False-Alarm-Controllable Radar Detection for Marine Target Based on Multi Features Fusion via CNNs
Moving target detection on the sea for maritime search, surveillance, and security primarily depends on the radar system. However, backscatter from the sea surface, called "sea clutter," severely affects the performance of marine radars even today. In conventional statistical models, the distribution of sea clutter is described and classified based on radar amplitude alone.
Researchers used another feature, the instantaneous velocity change of the target or the scattering points, to differentiate and classify marine targets and sea clutter. The different velocity variations of the target and sea clutter can be reflected on the time-Doppler spectrum using time-frequency analysis. For frequency analysis, linear and nonlinear transforms were employed.
Another significant issue is false alarms due to unwanted targets, such as noise and clutter. An established method for minimizing false alarms is to use a constant false alarm rate (CFAR) detector based on statistical distributions.
Recently developed deep learning methods like convolutional neural networks (CNN) are efficient models for high-dimensional feature extraction. Researchers have extensively applied deep learning models to radar signal processing, gesture recognition, and sea-clutter suppression to achieve reliable target detection and recognition.
The present study proposes a marine target detection system based on marine dual-channel CNN (MDCCNN) coupled with a false-alarm controllable classifier (FACC). The novel dual-channel system utilizes a radar echo's Doppler and amplitude characteristics for feature extraction. The dual-feature extraction significantly enhances radar target detection performance.
The FACC layer uses the support vector machine (SVM) with supervised learning algorithms to detect and control false alarms. A 2C-SVM in the FACC layer achieves false alarm rate control by tuning the penalty factors during the training process. The training model focuses on monitoring the false-positive rate instead of the true-positive rate of target detection.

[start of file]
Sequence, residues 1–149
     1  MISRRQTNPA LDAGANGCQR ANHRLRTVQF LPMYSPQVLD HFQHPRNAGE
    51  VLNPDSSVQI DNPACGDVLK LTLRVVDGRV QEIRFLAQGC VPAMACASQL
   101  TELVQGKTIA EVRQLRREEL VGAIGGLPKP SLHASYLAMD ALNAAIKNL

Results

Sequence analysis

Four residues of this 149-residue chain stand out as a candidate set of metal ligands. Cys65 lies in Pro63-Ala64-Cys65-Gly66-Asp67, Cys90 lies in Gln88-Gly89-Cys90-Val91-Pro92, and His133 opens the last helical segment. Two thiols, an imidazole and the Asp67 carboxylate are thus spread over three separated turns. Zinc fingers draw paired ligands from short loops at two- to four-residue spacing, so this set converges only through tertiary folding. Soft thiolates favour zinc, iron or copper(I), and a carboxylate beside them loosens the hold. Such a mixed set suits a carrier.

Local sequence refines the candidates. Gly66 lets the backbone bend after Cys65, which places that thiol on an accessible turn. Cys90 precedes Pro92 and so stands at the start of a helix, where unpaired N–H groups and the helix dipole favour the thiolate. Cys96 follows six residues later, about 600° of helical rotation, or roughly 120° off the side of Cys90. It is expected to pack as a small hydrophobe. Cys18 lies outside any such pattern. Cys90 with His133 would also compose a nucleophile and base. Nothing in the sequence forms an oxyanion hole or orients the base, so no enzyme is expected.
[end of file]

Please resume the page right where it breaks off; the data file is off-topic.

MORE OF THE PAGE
The detection process comprises three sub-processes. The time-frequency and amplitude information get extracted during the pre-processing data stage. The fusion of features occurs in the fully connected layer of CNN. FACC classifies the data in the next step. An algorithm determines the decision threshold based on the output data of the training set and the required false alarm rate.
The model used intelligent pixel processing radar (IPIX) data and Council for Scientific and Industrial Research (CSIR) data for training and testing. These datasets cover a wide range of mixed sea states and polarization. The neural network takes random dataset samples as input for training purposes.
Experimental results show a 25% better detection probability when false alarms are low. The highest accuracy clocked by MDCCNN was 90.00% and 97.02% on the target sample and clutter sample classifications, respectively. The proposed method achieved a higher detection probability than traditional CFAR-based detectors, with a similar false alarm rate and computational quantity.
The proposed system has the potential for improved performance and the ability to adapt to the complex maritime environment.